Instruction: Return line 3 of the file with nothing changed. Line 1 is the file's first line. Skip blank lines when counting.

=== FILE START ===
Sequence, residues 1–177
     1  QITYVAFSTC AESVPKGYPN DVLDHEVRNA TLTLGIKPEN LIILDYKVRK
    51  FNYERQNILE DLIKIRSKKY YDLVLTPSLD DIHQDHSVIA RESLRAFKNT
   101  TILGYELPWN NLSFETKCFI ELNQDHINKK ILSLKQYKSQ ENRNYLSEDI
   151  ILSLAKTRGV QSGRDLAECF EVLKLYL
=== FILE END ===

    51  FNYERQNILE DLIKIRSKKY YDLVLTPSLD DIHQDHSVIA RESLRAFKNT